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What ails pharma funds

We have talked to a few fund managers to assess the state of pharma funds and find out where are they headed

What ails pharma funds

Between 2012 and 2015, investors in pharma sector thematic funds reaped extremely rich rewards. Double-digit returns ranging from 10% to 50% annually for four years on the trot spoilt the habit of investors and heightened expectations. Pharma sector stocks, considered by many as a defensive bet, suddenly had become a darling for most ambitious growth investors. As is the norm, the tide turned and these hot funds corrected between 10-15% in 2016. Come 2017, investors in pharma funds started feeling the heat as losses continued. Year to date, the four pharma funds are down anywhere between 5 to 8%. Stiff pricing competition in the US, valuation corrections and general sluggishness in growing large businesses at agile speed are the reason behind the fatigue. Value Research caught up with three pharma fund-managers to assess the recovery prescription.

Growth jumps and then falls
The pharmaceutical sector is reckoned by many as a play on rising healthcare spending in India and abroad. Over the years, Indian pharma companies became large generators of cash thanks to low-cost production in the country and high margins from exports. This trend has played out in companies such as Dr Reddy's, Lupin, Sun Pharma (which acquired Ranbaxy) and others. Between March 2012 and March 2016, Sun Pharma's consolidated operating revenue grew from Rs 8000 odd crore to over Rs 28,000 crore. Profit after tax almost doubled to Rs 5656 crore. A doubling of profit in 4 years means 19% annual growth. Take a look at Dr Reddys' or Lupin, the story is similar.

Over a larger period, the growth story in pharma was secular. This led to stock prices also galloping at a fast pace. 'The sector had become expensive. This is because it compounded by 30-35% over many years. Valuations had gone up on the back of strong earnings. This was happening for pharma sector at a time, if you recollect, when not many sectors were doing well. In fact, nearly 60-70 % of the market was not doing well at that time. Then as you know things turned,' says Sailesh Raj Bhan, Deputy CIO - Equity Investment at Reliance Mutual Fund.

The US, which was already an important market, also started becoming a difficult market. Companies were regularly censured by the country's regulator for poor manufacturing practices. And, there are no quick-fixes. Last year, a lot of companies in the US were affected by regulatory issues.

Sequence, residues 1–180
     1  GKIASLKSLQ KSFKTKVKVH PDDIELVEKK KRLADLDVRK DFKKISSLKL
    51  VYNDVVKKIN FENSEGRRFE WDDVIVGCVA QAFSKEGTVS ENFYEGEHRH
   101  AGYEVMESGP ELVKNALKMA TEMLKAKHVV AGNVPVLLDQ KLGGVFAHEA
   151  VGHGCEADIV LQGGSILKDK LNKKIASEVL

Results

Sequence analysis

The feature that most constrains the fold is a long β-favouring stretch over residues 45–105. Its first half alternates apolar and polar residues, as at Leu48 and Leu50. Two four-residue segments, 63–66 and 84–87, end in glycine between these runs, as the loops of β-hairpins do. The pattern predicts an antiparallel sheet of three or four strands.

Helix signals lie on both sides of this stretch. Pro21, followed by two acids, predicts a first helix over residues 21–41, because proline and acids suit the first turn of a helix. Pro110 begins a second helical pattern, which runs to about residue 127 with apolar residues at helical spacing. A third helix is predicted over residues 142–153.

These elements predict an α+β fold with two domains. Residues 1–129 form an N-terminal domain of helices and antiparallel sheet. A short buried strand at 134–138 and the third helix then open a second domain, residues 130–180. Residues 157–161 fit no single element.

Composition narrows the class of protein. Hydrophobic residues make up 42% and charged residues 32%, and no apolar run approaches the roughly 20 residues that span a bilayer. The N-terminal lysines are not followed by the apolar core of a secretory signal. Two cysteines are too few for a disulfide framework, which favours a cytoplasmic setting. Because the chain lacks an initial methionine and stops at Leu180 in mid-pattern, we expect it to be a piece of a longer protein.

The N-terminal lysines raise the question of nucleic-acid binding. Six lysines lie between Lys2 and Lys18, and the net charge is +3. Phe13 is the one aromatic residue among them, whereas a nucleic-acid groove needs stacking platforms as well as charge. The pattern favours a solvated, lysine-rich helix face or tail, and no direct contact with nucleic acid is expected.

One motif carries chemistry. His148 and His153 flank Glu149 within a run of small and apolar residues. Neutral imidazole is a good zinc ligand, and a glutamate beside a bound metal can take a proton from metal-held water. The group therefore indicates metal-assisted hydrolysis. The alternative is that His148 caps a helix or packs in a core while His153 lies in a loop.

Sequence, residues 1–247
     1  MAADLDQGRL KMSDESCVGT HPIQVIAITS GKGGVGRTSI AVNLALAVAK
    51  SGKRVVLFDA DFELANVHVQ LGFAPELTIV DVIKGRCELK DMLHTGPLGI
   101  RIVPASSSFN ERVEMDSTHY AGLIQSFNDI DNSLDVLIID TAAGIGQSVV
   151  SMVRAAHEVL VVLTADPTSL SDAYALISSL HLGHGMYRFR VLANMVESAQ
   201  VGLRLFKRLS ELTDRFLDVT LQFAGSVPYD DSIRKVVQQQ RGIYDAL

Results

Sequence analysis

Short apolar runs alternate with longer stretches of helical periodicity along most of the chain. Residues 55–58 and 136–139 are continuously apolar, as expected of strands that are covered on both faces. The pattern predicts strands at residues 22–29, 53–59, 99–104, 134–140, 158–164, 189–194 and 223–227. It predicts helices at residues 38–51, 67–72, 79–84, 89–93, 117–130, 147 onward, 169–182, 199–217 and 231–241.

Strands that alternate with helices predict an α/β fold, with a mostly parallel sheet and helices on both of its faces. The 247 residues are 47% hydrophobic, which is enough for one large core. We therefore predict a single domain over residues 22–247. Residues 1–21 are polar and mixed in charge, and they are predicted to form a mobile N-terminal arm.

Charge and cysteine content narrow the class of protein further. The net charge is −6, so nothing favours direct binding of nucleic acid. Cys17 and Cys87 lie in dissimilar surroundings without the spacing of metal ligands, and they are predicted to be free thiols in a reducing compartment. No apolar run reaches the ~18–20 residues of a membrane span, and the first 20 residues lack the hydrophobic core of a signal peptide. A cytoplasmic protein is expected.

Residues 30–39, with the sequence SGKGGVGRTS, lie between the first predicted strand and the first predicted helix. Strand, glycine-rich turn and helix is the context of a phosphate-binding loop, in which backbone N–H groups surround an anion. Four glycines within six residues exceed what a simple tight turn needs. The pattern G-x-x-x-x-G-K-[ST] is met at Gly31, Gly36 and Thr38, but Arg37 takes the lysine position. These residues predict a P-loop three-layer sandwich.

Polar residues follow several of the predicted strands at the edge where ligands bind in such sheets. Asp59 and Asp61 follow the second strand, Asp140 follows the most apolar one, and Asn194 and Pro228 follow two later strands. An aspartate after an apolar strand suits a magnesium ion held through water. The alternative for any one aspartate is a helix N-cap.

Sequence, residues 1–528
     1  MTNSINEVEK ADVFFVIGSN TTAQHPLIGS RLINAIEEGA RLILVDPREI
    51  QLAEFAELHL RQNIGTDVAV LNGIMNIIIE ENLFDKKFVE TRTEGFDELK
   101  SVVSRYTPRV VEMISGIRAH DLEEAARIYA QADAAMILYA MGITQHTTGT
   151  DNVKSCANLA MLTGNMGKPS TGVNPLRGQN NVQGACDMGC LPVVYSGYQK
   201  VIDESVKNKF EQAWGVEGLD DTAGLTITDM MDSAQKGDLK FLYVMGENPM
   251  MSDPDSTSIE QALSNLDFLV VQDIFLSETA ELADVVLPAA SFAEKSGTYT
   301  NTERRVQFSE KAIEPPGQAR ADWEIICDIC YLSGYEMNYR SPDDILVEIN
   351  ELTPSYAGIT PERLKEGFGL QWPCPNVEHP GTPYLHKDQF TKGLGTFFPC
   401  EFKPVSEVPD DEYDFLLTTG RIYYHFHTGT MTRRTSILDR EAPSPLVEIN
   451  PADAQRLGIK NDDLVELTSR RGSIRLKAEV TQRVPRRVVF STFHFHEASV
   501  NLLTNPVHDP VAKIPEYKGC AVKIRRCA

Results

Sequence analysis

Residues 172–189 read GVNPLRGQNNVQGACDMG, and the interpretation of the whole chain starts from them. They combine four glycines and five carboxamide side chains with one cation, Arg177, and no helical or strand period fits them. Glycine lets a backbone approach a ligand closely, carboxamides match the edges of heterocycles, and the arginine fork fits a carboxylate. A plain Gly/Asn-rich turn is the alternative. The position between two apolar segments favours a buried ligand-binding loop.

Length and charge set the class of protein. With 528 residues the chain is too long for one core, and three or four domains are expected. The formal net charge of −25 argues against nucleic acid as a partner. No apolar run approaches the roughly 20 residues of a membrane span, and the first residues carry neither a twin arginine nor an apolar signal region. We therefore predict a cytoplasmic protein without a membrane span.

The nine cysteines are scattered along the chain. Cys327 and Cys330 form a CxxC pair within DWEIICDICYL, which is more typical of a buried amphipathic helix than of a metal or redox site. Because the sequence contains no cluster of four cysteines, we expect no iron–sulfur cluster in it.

Check the short-term performance of pharma funds

What ails pharma funds

SBI MF's Tanmaya Desai says that the bigger problem in the US over the last 12-18 months has been of channel consolidation. 'Today, in the US, 3 entities form 80% of the buying community which has led to their bargaining power being higher over pharmaceutical manufacturers. On account of the same, the traditional price erosion which used to be ~405% has gone upto 8-10% and for some companies, it is also in low double digits. Definitely, the pricing scenario in the US has deteriorated in the last 12-18 months. We believe the same may continue for at least a couple of quarters if not more,' he cautions.

The massive opportunity in the US ensured that companies grew very fast, which led to their base becoming large. 'Naturally, the valuations enjoyed by these companies used to be 25-30 times forward earnings. Essentially, this valuation level was 'growth valuations'. When growth tapers, valuations drop. Large companies became so large that incremental growth at 10-15% today is a tough ask,' says Sonam Udasi, fund manager, Tata India Pharma & HealthCare Fund.

Patience running thin
Fund managers, who handle thematic products, have some peculiar problems. Firstly, a theme either works or it does not. So, there is little downside if chips are down. Secondly, they are limited to a sub-sector of stocks in terms of investment. In comparison, diversified equity funds wade through rough seas relatively easily.

Click on this link to find out how pharma funds have performed over the years.

'Yes, times have been challenging (for pharma). In last 12-18 months, there has been heightened levels of consolidation in the US. Over the next couple of quarters, pricing issue on account of the consolidation could normalize. However, one must keep in mind that the size of business for a number of large Indian pharma companies in the US is no longer small. So the growth expected for these companies over next 3-5 years cannot be compared to that of the previous 5-7 years. US is now 50% or even more for some large companies. To expect that these companies will grow at 15% or above for the next 3-5 years is not realistic. Expectations have been moderated to that extent,' says Desai of SBI MF.